Friday Flashback – October 28, 2002

I first caught the bass fishing bug when I was a teenager in the early eighties. From then until about the mid-nineties, I typically put away the fishing gear sometime in September. Looking back, that was a mistake, but it was a different time with different distractions. Today’s flashback provides proof that good bites are out there if you keep on casting.

Excerpts from original October 29, 2002 post

I decided to hit Emstrom’s Pond today (10/28) despite less than favorable conditions. A string of chilly weather and winds from the north and east typically provide for a tough bite. I prepped myself by thinking that anyone can catch fish under good conditions and today would be a challenge. I chose Emstrom’s for its proximity (it takes longer to load my gear than it does to drive to the pond) and its history. The plan was to fish for an hour or so and I was basically looking for one bite. That may be the only chance you get on a day like this, and you just hope your reflexes are sharp.

The cold front/late fall pattern at Emstrom’s is pretty simple. Row directly to The Beaver Lodge, anchor deep and toss a 1/4 oz jig (black/blue) with a #11 pork frog (blue, black, or purple). If this fails to produce, either move in closer or fish some weed edges before returning for a closer shot. I arrived around 1:50 pm, rowed to The Beaver Lodge, anchored, and cast my jig with a black pork frog. A telltale jump in my line before the lure hit bottom meant something below was hungry. I set the hook twice for good measure and the fight was on. A flash of white let me know it was a good fish and I shortly had a 3-5 bass in the boat. It was 1:58 pm. He was hooked solidly in the roof of the mouth with the entire bait inside of his mouth. Following a couple pictures, he was released to be caught again. We often joke about catching a fish on your first cast and view it as a bad omen. I’m not sure if the statistics would provide any proof, but it seems like we have a slow day after catching one on the first cast. In fact, I laughed after catching this fish, wondering if I should just pull up the anchor and head for home.

1:58pm – Top Bass Runner-up at 3-5 (18.5″) on a jig

I elected to stick around. I retied my jig since the bass had inhaled the lure and potentially caused abrasions with its teeth during the fight. Another twenty minutes produced no other bass although I set the hooks on a couple casts when things on the other end just felt weird. Remember, “When in doubt, set the hook.” The wind had switched directions a bit, so I decided to row to the dam and cast the weedline as I drifted back towards The Beaver Lodge. My weapon of choice was a 3/8 oz Stanley Vibra Shaft Glitter Series spinnerbait (blue glimmer) with a twin tail trailer (white), one of my favorites. Several casts produced nothing but a handful of weeds. Then I noticed fish working the surface and figured they were probably crappies. The last time out at Emstrom’s (10/21), I caught a nice crappie on a Mepp’s #5 (Rainbow trout/white), so I decided to try it.

A couple cranks into my first cast with the Mepp’s and I had a hit. I set the hook and initially felt only slight resistance. I quickly reeled as the fish swam at the boat until it turned broadside, giving me a good look at a large bass. I kept my rod tip high as the bass tried to bury itself in the remaining weeds. I had lost a fish earlier this year when it pulled the same stunt, and I was determined to outsmart this one. I was sitting in only about three feet of water, and I wanted to keep the fish near the surface. The fish earlier in the year had hit bottom and gained the necessary slack to get away. I knew better this time, kept the bass from diving and was able to land it successfully.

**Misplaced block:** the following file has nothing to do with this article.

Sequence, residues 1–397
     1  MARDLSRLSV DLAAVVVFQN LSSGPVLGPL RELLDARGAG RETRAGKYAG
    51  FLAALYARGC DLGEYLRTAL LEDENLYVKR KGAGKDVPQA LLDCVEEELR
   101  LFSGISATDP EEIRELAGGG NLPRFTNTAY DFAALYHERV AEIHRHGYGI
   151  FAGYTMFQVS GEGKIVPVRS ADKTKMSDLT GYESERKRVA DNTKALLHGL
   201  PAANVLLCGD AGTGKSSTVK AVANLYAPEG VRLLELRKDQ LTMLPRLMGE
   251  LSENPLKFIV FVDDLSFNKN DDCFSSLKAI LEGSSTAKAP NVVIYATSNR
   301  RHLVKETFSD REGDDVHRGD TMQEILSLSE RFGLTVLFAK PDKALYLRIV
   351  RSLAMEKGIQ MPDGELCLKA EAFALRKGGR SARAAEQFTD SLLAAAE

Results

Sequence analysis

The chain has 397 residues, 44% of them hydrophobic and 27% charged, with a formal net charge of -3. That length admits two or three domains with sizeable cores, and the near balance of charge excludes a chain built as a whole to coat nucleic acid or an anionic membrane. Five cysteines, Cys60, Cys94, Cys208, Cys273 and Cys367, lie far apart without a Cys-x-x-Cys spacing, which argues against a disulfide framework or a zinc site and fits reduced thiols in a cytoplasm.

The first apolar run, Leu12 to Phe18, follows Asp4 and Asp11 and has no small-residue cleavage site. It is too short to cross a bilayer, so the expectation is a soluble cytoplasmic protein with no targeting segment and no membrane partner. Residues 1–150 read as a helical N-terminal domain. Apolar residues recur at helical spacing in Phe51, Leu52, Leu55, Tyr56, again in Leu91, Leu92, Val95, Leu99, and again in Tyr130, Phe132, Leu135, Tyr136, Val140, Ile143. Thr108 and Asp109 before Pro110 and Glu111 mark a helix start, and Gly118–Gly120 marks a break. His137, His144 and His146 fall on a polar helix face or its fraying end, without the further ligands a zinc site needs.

2:37pm – Top Bass at 4-4 (21″) on a Mepps spinner

The fish had a large head and mouth leading me to believe it was undernourished or ill, and probably would have been heavier if healthy. Regardless of its condition, it measured 21″ in length and weighed in at 4-4. I snapped a pair of photos and released the fish. I later realized that my camera had switched from auto to spot focus (probably when kicked around the boat fighting one of these fish), so I’m interested to see how the pictures turn out. They could also be interesting considering the bass was defecating all over me as I took the pictures. Can’t say that I’ve ever dealt with this before, but it probably lost a couple of ounces (fortunately it was weighed before pictures). I had quite a mess all over my rain pants and sweatshirt. For those who care, it resembled bird droppings and had a smell like the nasty black mud you find on the bottom of lakes and ponds. I worked the rest of the weedline and tried The Beaver Lodge a second time without getting any bites. A last effort was made along a deep weedline near the dam. I had one bite on the jig, but it got off shortly after the hookset.

Original log entry from October 28, 2002

A productive day during less-than-ideal conditions. Fortunately, I had a couple free hours while Julie was doing some things for work, and I had most of my errands done. Might as well go fishing. Then again, it’s 46 degrees, overcast and windy. Maybe I’ll watch the news, explore the internet, work on outdoor articles, or do something around the house. No, I can do that stuff when it’s 20 degrees and windy. After all, I’ve got gloves to warm my hands when needed, a thermal and a sweatshirt, insulated boots, and a rain suit to handle the wind. I’m glad I went.

There you go. Don’t put those poles away quite yet. Time will tell if I am able to follow my own advice, but I always have my sights on a November bass before I call it a year. Stay tuned and talk to you later. Troy

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